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Can anyone explain where render() comes from in ActionController::Base?

I managed to trace it down only that far:

ActionController::Base includes ActionController::Rendering module where render() method is defined. This definition however calls to render() of the superclass. Superclass is ActionController::Metal. Which in its turn inherits from AbstractController::Base. None of those have render () either defined or included.

Now, presumably it comes from AbstractController::Rendering, but I'm really missing how it gets included.

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1  
@artemave, you've asked 18 questions and have only accepted answers for four of them. If an answer has helped you then please accept it. Thanks! – John Topley Jan 19 '10 at 15:51
up vote 8 down vote accepted

The render method you call in your action is defined in ActionController::Base.

def render(action = nil, options = {}, &blk)
  options = _normalize_options(action, options, &blk)
  super(options)
end

This method passes the call to super which calls the render method defined in ActionController::Rendering.

def render(options)
  super
  self.content_type ||= options[:_template].mime_type.to_s
  response_body
end

ActionController::Rendering is effectively a Module, mixed into the ActionController::Base class at the beginning of the base.rb file.

include ActionController::Redirecting
include ActionController::Rendering # <--
include ActionController::Renderers::All

In turns, ActionController::Rendering includes AbstractController::Rendering as you can see in the ActionController::Rendering module definition.

module ActionController
  module Rendering
    extend ActiveSupport::Concern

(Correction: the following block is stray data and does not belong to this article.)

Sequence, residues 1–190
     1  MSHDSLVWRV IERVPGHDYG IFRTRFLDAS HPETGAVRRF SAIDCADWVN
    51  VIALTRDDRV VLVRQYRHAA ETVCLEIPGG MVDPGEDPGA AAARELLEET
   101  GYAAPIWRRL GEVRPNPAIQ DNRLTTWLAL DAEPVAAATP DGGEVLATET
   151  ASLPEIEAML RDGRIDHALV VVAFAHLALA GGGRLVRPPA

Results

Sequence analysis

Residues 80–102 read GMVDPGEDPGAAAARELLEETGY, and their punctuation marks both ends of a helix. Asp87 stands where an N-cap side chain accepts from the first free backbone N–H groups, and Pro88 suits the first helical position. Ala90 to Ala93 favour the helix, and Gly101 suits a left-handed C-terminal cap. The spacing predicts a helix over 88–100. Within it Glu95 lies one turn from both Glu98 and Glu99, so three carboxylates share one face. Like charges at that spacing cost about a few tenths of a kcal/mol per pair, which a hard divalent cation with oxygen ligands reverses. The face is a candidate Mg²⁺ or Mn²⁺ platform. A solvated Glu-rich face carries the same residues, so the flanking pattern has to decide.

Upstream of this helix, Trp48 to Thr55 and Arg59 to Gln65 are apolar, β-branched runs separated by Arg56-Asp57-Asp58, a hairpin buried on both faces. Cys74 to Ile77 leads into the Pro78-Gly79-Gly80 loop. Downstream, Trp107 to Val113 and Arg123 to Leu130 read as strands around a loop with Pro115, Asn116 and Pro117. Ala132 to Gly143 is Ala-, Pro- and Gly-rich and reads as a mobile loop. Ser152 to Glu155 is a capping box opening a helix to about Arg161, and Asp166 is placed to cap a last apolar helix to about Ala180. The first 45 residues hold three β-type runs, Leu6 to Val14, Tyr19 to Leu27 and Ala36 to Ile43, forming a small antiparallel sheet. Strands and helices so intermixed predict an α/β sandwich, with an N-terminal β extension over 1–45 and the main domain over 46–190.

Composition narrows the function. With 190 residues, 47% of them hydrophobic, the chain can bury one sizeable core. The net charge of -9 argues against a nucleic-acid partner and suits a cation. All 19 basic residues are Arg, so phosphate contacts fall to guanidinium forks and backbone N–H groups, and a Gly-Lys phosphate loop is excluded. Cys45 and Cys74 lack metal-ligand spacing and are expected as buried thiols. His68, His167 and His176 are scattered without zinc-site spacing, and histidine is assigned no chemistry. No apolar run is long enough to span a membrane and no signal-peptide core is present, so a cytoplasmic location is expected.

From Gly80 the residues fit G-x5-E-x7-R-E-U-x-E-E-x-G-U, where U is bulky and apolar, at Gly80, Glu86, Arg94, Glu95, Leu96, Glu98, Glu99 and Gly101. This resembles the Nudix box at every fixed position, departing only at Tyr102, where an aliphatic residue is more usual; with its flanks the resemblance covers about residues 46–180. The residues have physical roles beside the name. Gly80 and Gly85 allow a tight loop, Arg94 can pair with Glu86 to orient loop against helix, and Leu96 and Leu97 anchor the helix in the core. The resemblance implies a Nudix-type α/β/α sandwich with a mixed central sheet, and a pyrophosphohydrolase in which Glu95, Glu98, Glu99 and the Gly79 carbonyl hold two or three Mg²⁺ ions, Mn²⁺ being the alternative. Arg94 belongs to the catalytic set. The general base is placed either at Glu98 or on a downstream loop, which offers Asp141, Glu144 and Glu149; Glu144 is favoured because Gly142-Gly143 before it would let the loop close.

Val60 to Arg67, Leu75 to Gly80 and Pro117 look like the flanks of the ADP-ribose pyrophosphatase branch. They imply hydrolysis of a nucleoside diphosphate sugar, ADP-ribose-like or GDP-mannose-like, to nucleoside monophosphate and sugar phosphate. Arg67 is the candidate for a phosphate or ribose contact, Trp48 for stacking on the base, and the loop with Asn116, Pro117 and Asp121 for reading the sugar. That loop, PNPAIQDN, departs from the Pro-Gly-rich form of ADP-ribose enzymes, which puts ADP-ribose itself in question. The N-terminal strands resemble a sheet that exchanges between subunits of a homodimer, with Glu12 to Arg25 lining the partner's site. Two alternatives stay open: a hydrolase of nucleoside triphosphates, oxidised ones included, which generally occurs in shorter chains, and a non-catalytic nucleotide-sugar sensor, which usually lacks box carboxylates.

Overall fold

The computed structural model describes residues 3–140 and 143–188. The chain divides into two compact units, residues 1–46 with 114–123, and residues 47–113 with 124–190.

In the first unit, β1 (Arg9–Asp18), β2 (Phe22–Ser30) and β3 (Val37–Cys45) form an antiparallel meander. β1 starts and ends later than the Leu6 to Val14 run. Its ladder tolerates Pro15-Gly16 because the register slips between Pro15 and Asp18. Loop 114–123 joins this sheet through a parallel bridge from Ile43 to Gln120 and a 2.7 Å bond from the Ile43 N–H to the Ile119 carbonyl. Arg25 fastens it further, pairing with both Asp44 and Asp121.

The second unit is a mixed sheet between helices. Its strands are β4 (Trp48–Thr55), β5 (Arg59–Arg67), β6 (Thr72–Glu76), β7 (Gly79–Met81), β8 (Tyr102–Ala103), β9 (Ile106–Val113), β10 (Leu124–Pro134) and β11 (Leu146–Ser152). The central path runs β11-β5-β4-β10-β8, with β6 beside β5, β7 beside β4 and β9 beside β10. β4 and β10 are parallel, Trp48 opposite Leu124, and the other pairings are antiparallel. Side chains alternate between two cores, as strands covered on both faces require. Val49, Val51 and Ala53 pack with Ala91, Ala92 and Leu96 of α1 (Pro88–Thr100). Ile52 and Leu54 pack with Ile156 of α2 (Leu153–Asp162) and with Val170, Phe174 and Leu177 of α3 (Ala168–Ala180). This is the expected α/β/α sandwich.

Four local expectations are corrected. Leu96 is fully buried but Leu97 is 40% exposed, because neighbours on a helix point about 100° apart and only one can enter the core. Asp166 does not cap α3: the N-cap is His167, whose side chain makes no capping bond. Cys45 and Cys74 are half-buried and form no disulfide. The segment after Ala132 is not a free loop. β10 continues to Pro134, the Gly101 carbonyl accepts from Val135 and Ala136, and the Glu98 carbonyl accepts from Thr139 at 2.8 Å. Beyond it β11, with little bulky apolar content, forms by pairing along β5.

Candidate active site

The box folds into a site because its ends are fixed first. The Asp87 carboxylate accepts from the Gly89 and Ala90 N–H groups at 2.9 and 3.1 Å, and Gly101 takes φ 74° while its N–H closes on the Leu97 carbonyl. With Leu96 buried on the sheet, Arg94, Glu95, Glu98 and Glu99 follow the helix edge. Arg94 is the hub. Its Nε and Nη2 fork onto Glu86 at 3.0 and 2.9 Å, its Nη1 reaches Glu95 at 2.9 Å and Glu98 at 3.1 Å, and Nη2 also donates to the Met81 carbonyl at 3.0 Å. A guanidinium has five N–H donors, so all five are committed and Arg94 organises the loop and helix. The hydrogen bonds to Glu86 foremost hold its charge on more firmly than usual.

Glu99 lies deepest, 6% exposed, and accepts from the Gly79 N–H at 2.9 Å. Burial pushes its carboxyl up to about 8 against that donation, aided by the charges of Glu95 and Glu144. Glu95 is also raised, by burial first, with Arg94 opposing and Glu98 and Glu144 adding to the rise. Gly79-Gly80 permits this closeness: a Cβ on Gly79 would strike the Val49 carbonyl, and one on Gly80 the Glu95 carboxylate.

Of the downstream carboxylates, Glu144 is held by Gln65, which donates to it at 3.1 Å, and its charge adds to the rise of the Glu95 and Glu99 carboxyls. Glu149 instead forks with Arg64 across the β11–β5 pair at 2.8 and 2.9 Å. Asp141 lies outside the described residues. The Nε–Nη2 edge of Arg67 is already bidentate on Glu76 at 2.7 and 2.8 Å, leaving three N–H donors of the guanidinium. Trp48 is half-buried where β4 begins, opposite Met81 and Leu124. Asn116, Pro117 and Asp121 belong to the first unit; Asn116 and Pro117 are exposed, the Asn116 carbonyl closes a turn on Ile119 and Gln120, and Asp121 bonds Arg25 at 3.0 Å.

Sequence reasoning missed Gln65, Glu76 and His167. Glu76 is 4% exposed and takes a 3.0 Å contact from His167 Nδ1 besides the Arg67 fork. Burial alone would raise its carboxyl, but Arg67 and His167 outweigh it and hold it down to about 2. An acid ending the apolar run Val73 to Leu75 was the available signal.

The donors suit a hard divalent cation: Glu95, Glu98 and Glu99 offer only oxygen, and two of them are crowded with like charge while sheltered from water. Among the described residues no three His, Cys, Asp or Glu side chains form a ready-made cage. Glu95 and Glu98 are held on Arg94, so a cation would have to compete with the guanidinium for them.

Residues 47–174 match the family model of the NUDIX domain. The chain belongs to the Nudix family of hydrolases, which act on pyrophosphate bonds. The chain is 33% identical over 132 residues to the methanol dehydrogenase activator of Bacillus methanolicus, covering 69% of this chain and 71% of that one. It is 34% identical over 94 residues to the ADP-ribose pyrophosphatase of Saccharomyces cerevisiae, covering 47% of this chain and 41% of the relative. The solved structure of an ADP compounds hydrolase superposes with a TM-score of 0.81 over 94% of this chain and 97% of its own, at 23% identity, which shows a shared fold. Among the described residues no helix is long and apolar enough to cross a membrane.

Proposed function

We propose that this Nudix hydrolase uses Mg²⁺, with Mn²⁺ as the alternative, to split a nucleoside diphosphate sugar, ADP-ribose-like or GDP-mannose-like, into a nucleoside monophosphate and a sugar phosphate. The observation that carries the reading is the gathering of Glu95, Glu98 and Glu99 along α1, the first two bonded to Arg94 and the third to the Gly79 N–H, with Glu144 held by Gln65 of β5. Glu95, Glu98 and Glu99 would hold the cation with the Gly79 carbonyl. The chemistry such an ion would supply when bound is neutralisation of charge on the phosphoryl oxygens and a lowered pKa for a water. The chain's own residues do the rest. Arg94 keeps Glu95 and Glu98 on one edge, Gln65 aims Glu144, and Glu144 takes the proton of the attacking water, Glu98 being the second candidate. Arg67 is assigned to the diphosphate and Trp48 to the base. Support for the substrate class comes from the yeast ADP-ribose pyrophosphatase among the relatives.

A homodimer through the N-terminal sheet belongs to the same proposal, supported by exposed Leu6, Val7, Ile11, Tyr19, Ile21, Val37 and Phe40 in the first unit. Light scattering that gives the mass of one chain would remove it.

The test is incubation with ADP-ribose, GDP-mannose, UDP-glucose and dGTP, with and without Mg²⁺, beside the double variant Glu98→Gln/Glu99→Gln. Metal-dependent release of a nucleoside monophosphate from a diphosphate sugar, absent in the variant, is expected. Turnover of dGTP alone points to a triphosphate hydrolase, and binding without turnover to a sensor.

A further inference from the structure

included do
      include AbstractController::Rendering
      include AbstractController::LocalizedCache
    end

AbstractController::Rendering provides a render method which is the final method invoked in the render chain.

# Mostly abstracts the fact that calling render twice is a DoubleRenderError.
# Delegates render_to_body and sticks the result in self.response_body.
def render(*args)
  if response_body
    raise AbstractController::DoubleRenderError, "Can only render or redirect once per action"
  end

  self.response_body = render_to_body(*args)
end

The full chain is

AbstractController::Base#render 
--> super() 
--> ActionController::Rendering#render
--> super()
--> AbstractController::Rendering#render
--> render_to_body
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"super invokes a method with the same name as the current one, in the superclass of the current class" ActionController::Rendering is NOT A PARENT CLASS for ActionController::Base. It is INCLUDED MODULE. So how come super can work the way you described? – artemave Jan 19 '10 at 18:11
1  
When the class A includes the module B, B becomes an ancestor of A. See Object#ancestors. When you call super in A, it searches for a method with the same name in all ancestors of class A, including B. In Ruby you can extend a Class by Inheritance and/or using Mixins. – Simone Carletti Jan 19 '10 at 18:23
    
This is certainly a gotcha of the day. – artemave Jan 19 '10 at 19:00
    
So if a class includes two modules with method a() defined, only one (from last included module) gets imported. Or, better, first module you include defines a() which you rely on and the second module includes some other module which includes some other module which includes some other module with method a(). One tough debugging session guarantied. This smells so bad. Probably deserves its own question - it is interesting how people get around this. – artemave Jan 19 '10 at 21:24
    
If both module A and B defines foo() and you include B and A into C which defines its on foo(), there's probably something wrong at architectural level in your code. Ruby silently allows you to do so but it doesn't mean you should. ;) – Simone Carletti Jan 19 '10 at 22:50

render is defined in AbstractController::Rendering. It calls render_to_body, which in turn dispatches to other methods. It's a bit of a rabbit hole, isn't it?

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I don't see how this answers the original question. – artemave Jan 19 '10 at 16:16

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